The renovations, 15 years in the making, mean there are now about 600 square feet of new space in the work out room and some 20 new stations.
In between free-weight reps, radiology major Kyla Chamberlain said the remodel and additions to the student facility were a marked improvement.
“Before, it was clustered and hard to work out,” Chamberlain said. “There wasn’t a lot of room. Now, it’s nice.”
She said before the remodel some of the workout equipment looked “sketchy” and she hesitated to use it.
“The equipment is now new and it looks safe,” Chamberlain said. “There are a lot more to choose from, too. It’s important to work out for mental and physical fitness so I think it’ll be a lot easier with the improvements they’ve made down here.”
Chamberlain’s friend and workout buddy, Netasha Lovato, 20, agreed. As an outdoor enthusiast from Colorado, staying in peak physical condition is extremely important for the sophomore. After injuring her knee as a high school student, Lovato is keen on making sure it doesn’t happen again and she hits the gym regularly.
Lovato says the upgrades are day and night compared to last year.
“Before, this gym said, ‘small college gym,” Lovato said. “But, Billings has a lot more going on and now this gym is keeping up. This gym will help encourage students to attend. The renovations are a big improvement.”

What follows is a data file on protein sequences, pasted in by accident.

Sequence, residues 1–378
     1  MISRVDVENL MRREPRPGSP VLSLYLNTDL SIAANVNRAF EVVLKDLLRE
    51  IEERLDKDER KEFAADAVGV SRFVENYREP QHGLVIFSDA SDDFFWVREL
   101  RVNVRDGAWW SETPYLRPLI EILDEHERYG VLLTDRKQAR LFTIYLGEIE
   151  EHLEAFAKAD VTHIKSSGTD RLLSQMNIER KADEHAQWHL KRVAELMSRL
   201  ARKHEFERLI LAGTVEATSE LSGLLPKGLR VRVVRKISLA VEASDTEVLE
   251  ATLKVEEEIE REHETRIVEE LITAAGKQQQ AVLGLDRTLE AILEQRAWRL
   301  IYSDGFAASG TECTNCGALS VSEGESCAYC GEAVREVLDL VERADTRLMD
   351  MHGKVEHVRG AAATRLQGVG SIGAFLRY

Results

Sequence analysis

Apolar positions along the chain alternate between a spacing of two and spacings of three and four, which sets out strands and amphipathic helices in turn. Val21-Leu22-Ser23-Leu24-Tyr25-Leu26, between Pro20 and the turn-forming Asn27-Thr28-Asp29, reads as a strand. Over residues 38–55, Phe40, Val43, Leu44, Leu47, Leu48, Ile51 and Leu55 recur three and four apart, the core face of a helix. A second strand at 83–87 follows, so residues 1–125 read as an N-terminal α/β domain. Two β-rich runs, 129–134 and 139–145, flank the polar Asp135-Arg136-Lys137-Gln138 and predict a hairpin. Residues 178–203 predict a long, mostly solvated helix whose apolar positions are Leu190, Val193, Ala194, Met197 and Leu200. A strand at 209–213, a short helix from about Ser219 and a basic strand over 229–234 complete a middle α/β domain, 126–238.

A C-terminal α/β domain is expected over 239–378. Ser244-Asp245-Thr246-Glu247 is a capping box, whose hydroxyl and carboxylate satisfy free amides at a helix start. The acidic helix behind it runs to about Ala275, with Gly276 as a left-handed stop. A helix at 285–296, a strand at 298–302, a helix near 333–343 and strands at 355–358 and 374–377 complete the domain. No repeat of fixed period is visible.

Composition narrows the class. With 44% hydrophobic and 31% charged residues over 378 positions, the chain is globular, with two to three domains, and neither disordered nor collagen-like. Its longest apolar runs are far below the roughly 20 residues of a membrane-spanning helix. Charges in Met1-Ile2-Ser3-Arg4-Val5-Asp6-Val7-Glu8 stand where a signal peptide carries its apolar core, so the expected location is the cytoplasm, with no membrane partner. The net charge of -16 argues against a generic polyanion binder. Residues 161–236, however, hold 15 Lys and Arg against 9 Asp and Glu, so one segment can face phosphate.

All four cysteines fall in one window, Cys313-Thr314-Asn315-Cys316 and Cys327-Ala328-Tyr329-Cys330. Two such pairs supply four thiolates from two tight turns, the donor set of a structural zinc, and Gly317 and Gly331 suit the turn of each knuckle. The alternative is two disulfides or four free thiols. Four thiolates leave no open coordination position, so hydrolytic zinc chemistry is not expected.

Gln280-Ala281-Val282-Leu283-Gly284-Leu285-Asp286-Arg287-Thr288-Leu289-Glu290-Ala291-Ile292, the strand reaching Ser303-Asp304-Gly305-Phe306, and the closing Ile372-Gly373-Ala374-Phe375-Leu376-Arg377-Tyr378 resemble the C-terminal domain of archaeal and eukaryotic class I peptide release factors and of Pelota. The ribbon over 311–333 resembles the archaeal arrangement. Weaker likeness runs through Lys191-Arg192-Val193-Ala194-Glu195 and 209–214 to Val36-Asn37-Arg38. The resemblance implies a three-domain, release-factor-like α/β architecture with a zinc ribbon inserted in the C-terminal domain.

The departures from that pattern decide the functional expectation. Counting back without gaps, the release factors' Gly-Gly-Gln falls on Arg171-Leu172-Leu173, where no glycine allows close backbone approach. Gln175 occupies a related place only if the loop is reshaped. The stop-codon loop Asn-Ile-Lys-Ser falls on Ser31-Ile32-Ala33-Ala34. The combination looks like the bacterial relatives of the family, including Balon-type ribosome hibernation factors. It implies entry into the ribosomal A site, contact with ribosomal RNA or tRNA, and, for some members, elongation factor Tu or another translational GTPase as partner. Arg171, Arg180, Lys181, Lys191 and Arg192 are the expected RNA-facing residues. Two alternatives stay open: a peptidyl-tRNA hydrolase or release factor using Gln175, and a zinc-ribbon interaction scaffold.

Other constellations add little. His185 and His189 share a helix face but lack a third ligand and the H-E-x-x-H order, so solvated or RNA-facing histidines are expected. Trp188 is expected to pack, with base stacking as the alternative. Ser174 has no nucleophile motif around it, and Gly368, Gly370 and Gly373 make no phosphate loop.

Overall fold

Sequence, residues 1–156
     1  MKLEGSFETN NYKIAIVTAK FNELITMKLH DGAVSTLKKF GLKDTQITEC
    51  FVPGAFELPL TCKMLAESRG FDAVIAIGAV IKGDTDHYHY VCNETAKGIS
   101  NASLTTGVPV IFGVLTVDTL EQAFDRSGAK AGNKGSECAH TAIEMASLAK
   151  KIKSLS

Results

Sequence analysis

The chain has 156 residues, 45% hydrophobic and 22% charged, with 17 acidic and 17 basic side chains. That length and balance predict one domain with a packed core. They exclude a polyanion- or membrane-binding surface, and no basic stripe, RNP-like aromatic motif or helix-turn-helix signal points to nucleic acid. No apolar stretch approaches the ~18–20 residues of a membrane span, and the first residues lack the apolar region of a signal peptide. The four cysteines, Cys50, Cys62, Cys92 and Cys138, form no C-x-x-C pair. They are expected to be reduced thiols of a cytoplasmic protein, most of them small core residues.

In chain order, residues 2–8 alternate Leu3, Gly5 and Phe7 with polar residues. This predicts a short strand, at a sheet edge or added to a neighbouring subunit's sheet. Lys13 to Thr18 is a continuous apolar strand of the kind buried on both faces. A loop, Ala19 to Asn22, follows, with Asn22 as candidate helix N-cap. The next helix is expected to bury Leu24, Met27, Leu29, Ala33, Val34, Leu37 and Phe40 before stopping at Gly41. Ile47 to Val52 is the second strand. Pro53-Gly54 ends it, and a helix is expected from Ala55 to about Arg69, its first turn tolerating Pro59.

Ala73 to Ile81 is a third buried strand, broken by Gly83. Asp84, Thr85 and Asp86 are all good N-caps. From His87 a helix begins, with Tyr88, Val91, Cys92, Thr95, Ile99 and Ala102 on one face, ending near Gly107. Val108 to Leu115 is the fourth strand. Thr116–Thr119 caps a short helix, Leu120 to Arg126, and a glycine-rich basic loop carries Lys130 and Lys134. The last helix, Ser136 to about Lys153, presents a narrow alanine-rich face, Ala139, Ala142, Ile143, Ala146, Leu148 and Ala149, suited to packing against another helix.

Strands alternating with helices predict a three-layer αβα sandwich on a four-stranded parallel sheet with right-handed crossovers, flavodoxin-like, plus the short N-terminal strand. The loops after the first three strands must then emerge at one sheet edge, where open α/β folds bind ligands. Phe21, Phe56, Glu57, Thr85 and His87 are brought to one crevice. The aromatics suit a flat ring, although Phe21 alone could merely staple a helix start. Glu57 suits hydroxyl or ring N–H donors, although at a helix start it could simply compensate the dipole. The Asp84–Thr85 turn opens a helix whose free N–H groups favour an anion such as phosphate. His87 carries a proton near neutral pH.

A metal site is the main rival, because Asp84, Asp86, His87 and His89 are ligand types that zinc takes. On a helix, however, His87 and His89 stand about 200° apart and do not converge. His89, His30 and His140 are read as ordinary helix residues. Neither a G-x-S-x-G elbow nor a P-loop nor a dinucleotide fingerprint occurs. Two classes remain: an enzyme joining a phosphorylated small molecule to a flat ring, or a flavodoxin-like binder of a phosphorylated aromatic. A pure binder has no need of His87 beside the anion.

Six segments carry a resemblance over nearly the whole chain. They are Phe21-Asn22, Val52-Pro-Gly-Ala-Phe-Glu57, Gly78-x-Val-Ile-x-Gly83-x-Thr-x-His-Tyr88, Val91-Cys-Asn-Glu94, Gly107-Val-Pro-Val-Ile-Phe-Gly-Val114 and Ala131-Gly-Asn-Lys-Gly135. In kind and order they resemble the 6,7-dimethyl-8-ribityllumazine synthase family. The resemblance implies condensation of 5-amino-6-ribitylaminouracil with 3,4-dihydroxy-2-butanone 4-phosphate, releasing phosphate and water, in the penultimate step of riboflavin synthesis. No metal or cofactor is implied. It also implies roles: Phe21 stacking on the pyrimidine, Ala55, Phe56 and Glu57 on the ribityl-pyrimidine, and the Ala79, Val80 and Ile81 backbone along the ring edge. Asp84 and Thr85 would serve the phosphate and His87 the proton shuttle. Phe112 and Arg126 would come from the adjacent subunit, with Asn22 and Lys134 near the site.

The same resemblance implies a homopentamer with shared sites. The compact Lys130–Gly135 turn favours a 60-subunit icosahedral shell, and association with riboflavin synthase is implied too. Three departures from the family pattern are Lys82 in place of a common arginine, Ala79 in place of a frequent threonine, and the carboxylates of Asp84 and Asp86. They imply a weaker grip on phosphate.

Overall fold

So far, Lovato is really impressed with the new assisted pull up and squat machines.
She and Chamberlain are in the gym almost daily, when they aren’t enjoying Billings’ other outdoor activities.
“For students whose lifestyle is in being outdoors or sports the gym is an important part to that,” Lovato said. “Now, we don’t mind being in here all the time.”
Recreational Director Aaron Murrish said the gym is now about 3,200 square-feet with the new space and it boasts several new mirrors, increased air flow and several new machines.
Many of the elliptical trainers, as well as weight machines, have been replaced, as have free-weight pieces on the floor.